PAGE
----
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April 26, 2012
The American people expect their Government to enhance security without undermining their privacy and civil liberties. Without clear legal protections and independent oversight, information sharing legislation will undermine the public’s trust in the Government as well as in the Internet by undermining fundamental privacy, confidentiality, civil liberties, and consumer protections.
A statement from The White House • Which included specific reasoning as to why President Obama does not support Congress’ newest efforts to regulate the internet. The President believes the legislation, called CIPSA, is too far-reaching, does not include adequate limitations on the transference of personal information between private companies and the government, and unfairly shields companies from lawsuits pertaining to possible misuse of consumers’ private data. “The Administration looks forward to continuing to engage with the Congress in a bipartisan, bicameral fashion to enact cybersecurity legislation to address these critical issues,” said the White House, continuing, “however, for the reasons stated herein, if H.R. 3523 were presented to the President, his senior advisors would recommend that he veto the bill.” source (viafollow)
15:01 // 2 years ago
April 11, 2012
22:24 // 2 years ago
April 4, 2012
14:44 // 2 years ago
April 1, 2012
The establishment folks in Washington, D.C., they’re in the bubble and they see the world very, very differently than we do and I think most Americans do. And we’re going to continue to go out and try to elect conservatives to the presidency and that’s what we’re focused on.
Rick Santorum • Responding to political types suggesting he should drop out, days before the Wisconsin primary. Santorum says he’s in it until Mitt Romney clearly has enough delegates to win — something that likely won’t happen until June, based on how things are going so far. Romney just won another endorsement, this time from Wisconsin Sen. Ron Johnson (no relation), a show of support that has Santorum on the defensive.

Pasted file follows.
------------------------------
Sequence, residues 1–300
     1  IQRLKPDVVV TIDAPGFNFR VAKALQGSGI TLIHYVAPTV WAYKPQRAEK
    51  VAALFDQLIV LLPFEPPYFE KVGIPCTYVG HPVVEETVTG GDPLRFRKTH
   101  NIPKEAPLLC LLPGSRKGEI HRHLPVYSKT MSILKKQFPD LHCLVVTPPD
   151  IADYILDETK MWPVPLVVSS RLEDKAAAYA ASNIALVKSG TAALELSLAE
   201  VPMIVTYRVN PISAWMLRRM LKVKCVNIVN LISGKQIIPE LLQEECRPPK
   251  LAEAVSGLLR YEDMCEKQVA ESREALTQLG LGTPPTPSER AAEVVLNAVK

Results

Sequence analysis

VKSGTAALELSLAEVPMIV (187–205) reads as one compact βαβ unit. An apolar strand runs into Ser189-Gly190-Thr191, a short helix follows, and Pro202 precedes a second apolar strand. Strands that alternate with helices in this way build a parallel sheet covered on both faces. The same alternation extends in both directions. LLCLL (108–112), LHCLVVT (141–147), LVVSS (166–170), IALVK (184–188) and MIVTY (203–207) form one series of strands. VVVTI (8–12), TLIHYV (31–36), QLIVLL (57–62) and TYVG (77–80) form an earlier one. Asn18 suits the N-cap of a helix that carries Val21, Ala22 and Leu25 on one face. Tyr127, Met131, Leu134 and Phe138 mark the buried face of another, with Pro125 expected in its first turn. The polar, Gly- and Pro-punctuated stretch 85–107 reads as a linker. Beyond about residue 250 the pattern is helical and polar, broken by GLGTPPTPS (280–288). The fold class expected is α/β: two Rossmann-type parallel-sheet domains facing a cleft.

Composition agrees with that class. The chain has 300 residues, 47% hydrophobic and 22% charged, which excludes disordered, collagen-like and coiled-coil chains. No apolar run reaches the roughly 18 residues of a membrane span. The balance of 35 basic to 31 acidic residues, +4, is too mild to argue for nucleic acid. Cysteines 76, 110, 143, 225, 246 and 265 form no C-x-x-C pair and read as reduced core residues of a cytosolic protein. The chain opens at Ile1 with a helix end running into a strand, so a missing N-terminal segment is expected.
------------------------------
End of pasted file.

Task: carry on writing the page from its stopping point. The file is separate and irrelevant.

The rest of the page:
20:06 // 2 years ago
March 29, 2012

Obama’s having a rough week outside of the executive branch

  • 51-47 the final vote in the Senate that nixed a bill proposing an end to tax breaks for oil companies, a cause championed by the President
  • 0-414 the final vote in the House on an alternative budget proposal, modeled after President Obama’s planned budget for 2013 source

» Pretty harsh considering the thrashing that the Affordable Care Act is reported to be taking in the Supreme Court this week. While both analysts and many inside the White House expected the ugly turnout on the budget proposal, it’s hard to imagine that anybody imagined a shut-out. Should Obama be worried about these sorts of losses piling up as the election draws closer?

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14:24 // 2 years ago
March 22, 2012

Study: Nepotism rampant in Congress (duh)

Quantifying Nepotism: Everyone knows (or at least assumes) that politicians use their power to benefit people close to them; that’s old news. However, scientific studies on the matter are hard to come by. The watchdog group Citizens for Responsibility and Ethics in Washington (CREW) wanted to change that, and carried out an exhaustive study of the extent to which nepotism manifests itself in US Congress. Their report is 347 pages long; in case you have better things to do with your time (impossible!), here are some takeaways. Note: This study only covered the 2008 and 2010 election cycles.

  • 248 lawmakers used their position to benefit friends or family
  • 3 members of Congress (Bill Cassidy, Jason Chaffetz, and Tim Waltz) used campaign funds to pay for babysitters
  • 38 members earmarked government funds for businesses owned by, or affiliated with, their families
  • 20 legislators took money from their campaign and gave it to a family member’s campaign source